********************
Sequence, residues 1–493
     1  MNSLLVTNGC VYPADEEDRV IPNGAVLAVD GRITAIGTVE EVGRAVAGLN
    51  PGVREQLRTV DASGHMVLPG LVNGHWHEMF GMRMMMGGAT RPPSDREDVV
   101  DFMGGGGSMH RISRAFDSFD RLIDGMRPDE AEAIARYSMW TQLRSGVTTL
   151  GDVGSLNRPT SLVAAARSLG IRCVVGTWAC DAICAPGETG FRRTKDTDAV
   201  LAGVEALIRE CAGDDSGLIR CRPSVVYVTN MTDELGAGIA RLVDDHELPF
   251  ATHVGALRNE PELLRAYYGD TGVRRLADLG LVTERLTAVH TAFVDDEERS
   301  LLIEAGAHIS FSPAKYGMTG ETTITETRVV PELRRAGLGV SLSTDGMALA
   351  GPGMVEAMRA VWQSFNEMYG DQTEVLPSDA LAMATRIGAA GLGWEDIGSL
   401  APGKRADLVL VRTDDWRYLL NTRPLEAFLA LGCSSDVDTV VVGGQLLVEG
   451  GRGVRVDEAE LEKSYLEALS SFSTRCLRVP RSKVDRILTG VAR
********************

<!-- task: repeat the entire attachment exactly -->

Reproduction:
Sequence, residues 1–493
     1  MNSLLVTNGC VYPADEEDRV IPNGAVLAVD GRITAIGTVE EVGRAVAGLN
    51  PGVREQLRTV DASGHMVLPG LVNGHWHEMF GMRMMMGGAT RPPSDREDVV
   101  DFMGGGGSMH RISRAFDSFD RLIDGMRPDE AEAIARYSMW TQLRSGVTTL
   151  GDVGSLNRPT SLVAAARSLG IRCVVGTWAC DAICAPGETG FRRTKDTDAV
   201  LAGVEALIRE CAGDDSGLIR CRPSVVYVTN MTDELGAGIA RLVDDHELPF
   251  ATHVGALRNE PELLRAYYGD TGVRRLADLG LVTERLTAVH TAFVDDEERS
   301  LLIEAGAHIS FSPAKYGMTG ETTITETRVV PELRRAGLGV SLSTDGMALA
   351  GPGMVEAMRA VWQSFNEMYG DQTEVLPSDA LAMATRIGAA GLGWEDIGSL
   401  APGKRADLVL VRTDDWRYLL NTRPLEAFLA LGCSSDVDTV VVGGQLLVEG
   451  GRGVRVDEAE LEKSYLEALS SFSTRCLRVP RSKVDRILTG VAR